Craster’s Keep is analogous to the small village business. It has some strategic value, but its position and lack of a garrison make it extremely vulnerable to attack and minimally defensible.
Because of how easy it is to copy and thereby displace in search rankings, the small village site is the least defensible online business. Typically between six and 24 months old, its revenue depends on simple ads. These sites typically have lower earnings, ranging from one hundred to a couple thousand dollars per month.
With typically only one or two keywords and basic content, these sites are not places that people are going to repeatedly return to. They are platforms for small niche ads, like those on Adsense and Amazon affiliate sites, which means they receive a minimum of traffic.
The bonuses of owning a site like this is how little time and skill it takes to run.
These factors make it possible to operate multiple sites simultaneously. They are also very flippable, as potential buyers who are looking for low time and skill requirements are plentiful and may be looking to buy your small village business.
However, as already mentioned, the downside to owning this type of site is its vulnerability to copycats and competition, which means traffic and resulting cash flow are erratic. It would take an enormous amount of work to develop a recognizable brand out of a site like this.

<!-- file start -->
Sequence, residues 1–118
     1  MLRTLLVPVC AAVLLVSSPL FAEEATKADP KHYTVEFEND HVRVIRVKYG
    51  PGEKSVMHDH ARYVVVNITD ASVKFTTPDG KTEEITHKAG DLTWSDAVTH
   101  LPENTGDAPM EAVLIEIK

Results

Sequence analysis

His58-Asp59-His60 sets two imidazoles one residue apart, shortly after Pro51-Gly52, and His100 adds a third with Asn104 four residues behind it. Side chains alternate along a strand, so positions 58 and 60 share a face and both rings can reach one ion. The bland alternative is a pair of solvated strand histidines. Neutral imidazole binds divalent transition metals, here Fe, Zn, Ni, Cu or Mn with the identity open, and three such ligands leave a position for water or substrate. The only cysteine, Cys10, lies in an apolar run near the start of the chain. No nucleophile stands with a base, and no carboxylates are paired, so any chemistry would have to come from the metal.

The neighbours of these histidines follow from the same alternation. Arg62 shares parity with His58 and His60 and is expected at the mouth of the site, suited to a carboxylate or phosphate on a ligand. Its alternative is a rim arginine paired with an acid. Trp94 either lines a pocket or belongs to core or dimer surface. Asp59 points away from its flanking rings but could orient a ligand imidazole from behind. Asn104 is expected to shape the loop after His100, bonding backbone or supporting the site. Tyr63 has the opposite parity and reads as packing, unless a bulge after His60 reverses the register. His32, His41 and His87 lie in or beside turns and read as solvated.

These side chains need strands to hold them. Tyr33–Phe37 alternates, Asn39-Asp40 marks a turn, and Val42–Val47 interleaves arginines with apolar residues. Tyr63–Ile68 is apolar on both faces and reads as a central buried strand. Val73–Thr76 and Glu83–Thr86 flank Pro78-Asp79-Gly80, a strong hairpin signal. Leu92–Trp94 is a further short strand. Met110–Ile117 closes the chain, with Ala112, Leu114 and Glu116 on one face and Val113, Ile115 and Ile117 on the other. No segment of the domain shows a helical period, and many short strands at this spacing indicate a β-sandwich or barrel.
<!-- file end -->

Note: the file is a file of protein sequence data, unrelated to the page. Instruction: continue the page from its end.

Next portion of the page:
The Township Business, or Mole’s Town
A supporting township for the Night’s Watch garrisoned at Castle Black, Mole’s Town is inhabited by non-combatants, who provide goods and services to the Watch. It is not fortified and has no garrison of troops to speak of. Further, it is in close proximity to the Wall, which leaves it vulnerable to any successful breach of the Wall or other clandestine assault from beyond the Wall.
A township business is like Mole’s Town in its supporting role and utility, but also in its vulnerability to attack. The township could, however, eventually be built into a more defensible position.
Slightly more defensible than a small village site, the township site involves some light complex tasks in order to earn several hundred to a few thousand dollars each month.
It has a range of keywords associated with it, some of which may be geo-targeted (meaning words that are specific to a real-life town, city or region). These sites tend to focus more on market niches than specific products, which means that they don’t typically require the operator to act as a brand ambassador.
An example of this type of site is Pat Flynn’s securityguardtraininghq.com.
The benefit of owning sites like these is that there is room for growth. They can be expanded to support more products and bring in more revenue. Further, these sites don’t require a lot of specialized knowledge, which means they are also eminently sellable to buyers who are looking for a low-skill, low-time-commitment investment.